A current popular example is "Obama is the Antichrist" --------- well, not according to the Bible he isn't because he is a Christian. Now, if he actually were a Muslim, then, certainly, Obama would be "an antichrist" --- whether Obama would be "the Antichrist" is something I doubt, but I'm an agnostic. That means I doubt that there is or ever will be a "the Antichrist."

(Now just how it is that Lutherans think the Pope is the Antichrist, I don't begin to comprehend. He's not the Antichrist by any definition of the dictionary. But, then again, if there are Christians who can think that Catholics aren't Christians, I'm not surprised there are Lutherans who think the Pope is the Antichrist.)

So I understand that there are two definitions of "antichrist." What I would like is for other people, especially Christians, to demonstrate some understanding of the origin of the word and so to also understand that there are two definitions of "antichrist": one Biblically based definition and one culturally based definition. And before Christians go hurling that word around as an insult that they understand
1. They're not using the Biblically based definition
2. "Antichrist" actually includes most of the population of the planet and it always has.
There have always been more people who don't believe in the divinity of Christ than do believe in the divinity of Christ. That includes the followers of every other religion on the planet, the non-religious, atheists and agnostics like me.

And speaking of words that people use without having any idea of their actual meaning, let's discuss "agnostic."
Agnosticism is about a lack of knowing. Absolute "knowing" ---- that's religious people and atheists. Okay, some religious people and some atheists: People who know there is a god(s) or people who know there isn't any such thing. People who claim to know irritate me. You don't know; you believe. There's a difference.

Agnostic -- a person who holds the view that any ultimate reality (as God) is unknown and probably unknowable; broadly : one who is not committed to believing in either the existence or the nonexistence of God or a god --- Mirriam-Webster Dictionary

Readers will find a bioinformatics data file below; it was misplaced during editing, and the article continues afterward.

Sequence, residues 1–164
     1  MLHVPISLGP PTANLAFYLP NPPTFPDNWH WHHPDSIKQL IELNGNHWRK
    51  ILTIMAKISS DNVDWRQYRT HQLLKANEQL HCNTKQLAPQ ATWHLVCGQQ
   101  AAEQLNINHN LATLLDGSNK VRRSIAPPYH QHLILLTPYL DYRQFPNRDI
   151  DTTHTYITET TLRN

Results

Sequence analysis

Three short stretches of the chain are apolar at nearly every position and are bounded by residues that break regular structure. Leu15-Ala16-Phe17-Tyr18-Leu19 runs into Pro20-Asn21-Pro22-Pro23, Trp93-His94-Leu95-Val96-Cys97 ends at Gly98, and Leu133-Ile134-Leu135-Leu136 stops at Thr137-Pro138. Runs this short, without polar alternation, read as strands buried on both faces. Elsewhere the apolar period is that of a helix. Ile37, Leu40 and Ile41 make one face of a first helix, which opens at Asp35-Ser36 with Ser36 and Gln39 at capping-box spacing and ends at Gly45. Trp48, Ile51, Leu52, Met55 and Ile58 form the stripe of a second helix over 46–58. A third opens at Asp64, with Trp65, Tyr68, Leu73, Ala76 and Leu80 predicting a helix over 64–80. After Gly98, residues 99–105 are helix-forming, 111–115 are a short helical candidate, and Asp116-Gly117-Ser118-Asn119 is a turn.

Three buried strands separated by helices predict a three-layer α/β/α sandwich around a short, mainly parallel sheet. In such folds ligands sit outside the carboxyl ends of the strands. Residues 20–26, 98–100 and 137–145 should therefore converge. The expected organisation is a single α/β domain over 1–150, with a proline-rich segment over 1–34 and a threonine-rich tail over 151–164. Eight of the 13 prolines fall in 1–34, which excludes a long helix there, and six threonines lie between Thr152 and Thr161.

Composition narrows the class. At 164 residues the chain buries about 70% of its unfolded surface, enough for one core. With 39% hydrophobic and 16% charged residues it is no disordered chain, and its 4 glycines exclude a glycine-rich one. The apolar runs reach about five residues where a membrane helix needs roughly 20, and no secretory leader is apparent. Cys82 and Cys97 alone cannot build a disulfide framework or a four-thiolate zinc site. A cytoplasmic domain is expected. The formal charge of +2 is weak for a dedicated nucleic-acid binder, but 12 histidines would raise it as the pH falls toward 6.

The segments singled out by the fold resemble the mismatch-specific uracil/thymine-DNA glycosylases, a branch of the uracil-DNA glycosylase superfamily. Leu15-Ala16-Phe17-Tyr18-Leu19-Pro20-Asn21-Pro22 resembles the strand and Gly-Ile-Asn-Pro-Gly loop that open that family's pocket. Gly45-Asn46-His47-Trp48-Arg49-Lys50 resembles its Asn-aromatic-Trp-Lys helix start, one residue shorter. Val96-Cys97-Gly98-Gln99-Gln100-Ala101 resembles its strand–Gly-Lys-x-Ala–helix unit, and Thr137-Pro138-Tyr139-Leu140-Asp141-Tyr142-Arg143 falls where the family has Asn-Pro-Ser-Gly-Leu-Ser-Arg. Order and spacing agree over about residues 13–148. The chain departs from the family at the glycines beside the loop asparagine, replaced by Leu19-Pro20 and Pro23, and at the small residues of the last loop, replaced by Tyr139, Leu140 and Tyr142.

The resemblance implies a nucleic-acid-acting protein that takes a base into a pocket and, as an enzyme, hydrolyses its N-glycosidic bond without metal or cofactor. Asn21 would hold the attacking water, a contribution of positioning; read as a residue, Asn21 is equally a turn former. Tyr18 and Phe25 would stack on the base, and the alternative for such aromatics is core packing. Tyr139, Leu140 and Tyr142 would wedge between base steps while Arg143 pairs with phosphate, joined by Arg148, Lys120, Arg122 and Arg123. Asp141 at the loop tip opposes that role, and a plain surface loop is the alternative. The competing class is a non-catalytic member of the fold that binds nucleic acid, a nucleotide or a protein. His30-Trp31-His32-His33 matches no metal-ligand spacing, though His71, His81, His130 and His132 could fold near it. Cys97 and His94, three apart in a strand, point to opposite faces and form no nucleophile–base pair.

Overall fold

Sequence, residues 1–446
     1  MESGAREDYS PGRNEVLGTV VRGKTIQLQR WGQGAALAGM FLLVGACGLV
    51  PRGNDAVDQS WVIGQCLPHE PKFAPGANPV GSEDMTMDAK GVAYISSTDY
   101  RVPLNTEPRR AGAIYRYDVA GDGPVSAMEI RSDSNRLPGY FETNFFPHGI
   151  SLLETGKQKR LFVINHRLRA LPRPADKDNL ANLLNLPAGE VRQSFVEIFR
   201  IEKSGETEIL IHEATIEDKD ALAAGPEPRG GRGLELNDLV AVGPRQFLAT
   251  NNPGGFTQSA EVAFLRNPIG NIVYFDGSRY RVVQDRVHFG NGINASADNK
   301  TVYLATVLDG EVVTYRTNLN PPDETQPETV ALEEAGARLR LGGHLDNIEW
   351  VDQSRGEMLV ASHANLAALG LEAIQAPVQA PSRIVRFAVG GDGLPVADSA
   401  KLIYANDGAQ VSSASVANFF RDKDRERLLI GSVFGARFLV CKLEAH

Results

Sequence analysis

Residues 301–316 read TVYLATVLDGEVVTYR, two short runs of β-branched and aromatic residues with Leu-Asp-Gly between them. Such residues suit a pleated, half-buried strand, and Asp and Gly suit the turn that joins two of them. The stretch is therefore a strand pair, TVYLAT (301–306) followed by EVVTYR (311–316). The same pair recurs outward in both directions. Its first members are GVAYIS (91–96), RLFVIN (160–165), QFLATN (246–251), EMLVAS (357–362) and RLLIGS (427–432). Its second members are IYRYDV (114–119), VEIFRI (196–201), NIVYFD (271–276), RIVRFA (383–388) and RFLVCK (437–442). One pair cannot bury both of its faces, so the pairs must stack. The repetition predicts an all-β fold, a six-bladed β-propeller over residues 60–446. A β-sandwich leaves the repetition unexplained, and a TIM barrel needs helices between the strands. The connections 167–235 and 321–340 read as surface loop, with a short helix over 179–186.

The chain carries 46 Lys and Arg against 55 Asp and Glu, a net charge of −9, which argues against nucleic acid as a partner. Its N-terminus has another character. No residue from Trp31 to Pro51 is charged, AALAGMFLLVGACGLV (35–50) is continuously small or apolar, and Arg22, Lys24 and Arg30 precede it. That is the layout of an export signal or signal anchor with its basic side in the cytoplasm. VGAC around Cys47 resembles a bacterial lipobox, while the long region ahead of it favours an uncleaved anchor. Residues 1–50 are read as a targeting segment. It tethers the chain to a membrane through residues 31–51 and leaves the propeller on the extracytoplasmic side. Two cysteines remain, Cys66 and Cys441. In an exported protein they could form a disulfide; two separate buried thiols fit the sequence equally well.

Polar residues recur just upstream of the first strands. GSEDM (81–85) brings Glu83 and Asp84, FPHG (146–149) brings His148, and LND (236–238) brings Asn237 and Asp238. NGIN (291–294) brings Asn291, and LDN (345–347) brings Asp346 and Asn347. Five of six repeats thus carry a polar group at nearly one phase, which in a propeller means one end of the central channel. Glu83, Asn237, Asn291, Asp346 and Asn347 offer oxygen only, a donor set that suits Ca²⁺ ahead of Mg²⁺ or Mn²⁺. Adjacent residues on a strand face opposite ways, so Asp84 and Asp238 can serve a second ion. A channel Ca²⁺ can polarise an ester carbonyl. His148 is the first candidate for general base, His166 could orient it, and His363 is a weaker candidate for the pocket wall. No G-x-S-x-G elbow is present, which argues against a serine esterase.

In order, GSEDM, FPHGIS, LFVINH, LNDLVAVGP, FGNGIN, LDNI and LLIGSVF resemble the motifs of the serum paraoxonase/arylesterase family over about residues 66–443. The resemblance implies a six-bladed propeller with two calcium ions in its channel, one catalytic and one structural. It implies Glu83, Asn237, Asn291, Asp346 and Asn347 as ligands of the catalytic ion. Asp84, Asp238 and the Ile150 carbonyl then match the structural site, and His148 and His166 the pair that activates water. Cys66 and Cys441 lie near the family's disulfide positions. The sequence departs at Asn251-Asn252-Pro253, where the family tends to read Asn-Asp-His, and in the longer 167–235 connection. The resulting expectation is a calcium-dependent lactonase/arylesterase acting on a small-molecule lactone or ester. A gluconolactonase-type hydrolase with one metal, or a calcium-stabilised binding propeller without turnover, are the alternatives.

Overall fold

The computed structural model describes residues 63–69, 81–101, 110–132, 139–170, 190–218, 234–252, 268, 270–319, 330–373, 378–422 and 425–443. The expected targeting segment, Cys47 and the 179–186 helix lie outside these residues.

Agnostic --  One who believes that it is impossible to know whether there is a God. --- The Free Dictionary

Contrary to popular belief (especially among fundamentalist Christians), there's nothing in there about Satan worshipping. That would require believing in Satan to begin with. I neither believe nor disbelieve. I don't know...........that is the heart of agnosticism. We don't know; we admit we don't know. And we certainly don't think it can be proven one way or the other, not in this lifetime.

Being agnostic leads me to another "religious" term people use without understanding it................

I came across a website in which Mohammad, prophet of the Muslim mythos, was called an apostate of hell. Presumably this was from a Christian who thought he was saying something derogatory. Humorously, he was saying a halfway nice thing about Mohammad. Once I stopped laughing to myself, I was left to contemplate the English language and the people who use "uncommon" words thinking it makes them look smarter when all it does is make them look ignorant.

You see, my general impression of hell as depicted in the Christian mythos is that hell is a negative place. Evil. Sin. Torment. The home of Satan and his minions.

If that's true, then you want someone to be an apostate of hell.

An apostate of hell is someone who was once a follower of hell and gave it up. So tell me again how being an apostate of hell is a bad thing?

An apostate is someone who commits apostasy:

Apostasy -- 1) renunciation of a religious faith 2) abandonment of a previous loyalty --- Mirriam-Webster Dictionary

So calling Mohammad an apostate of hell is saying he's no longer loyal to / a follower of hell. It's only a halfway nice thing to say about Mohammad because it's also saying that Mohammad once was a worshipper of hell. But, hey, at least that Christian thinks Mohammad gave it up., he doesn't, but that's what he said even though it's the complete opposite of what he meant.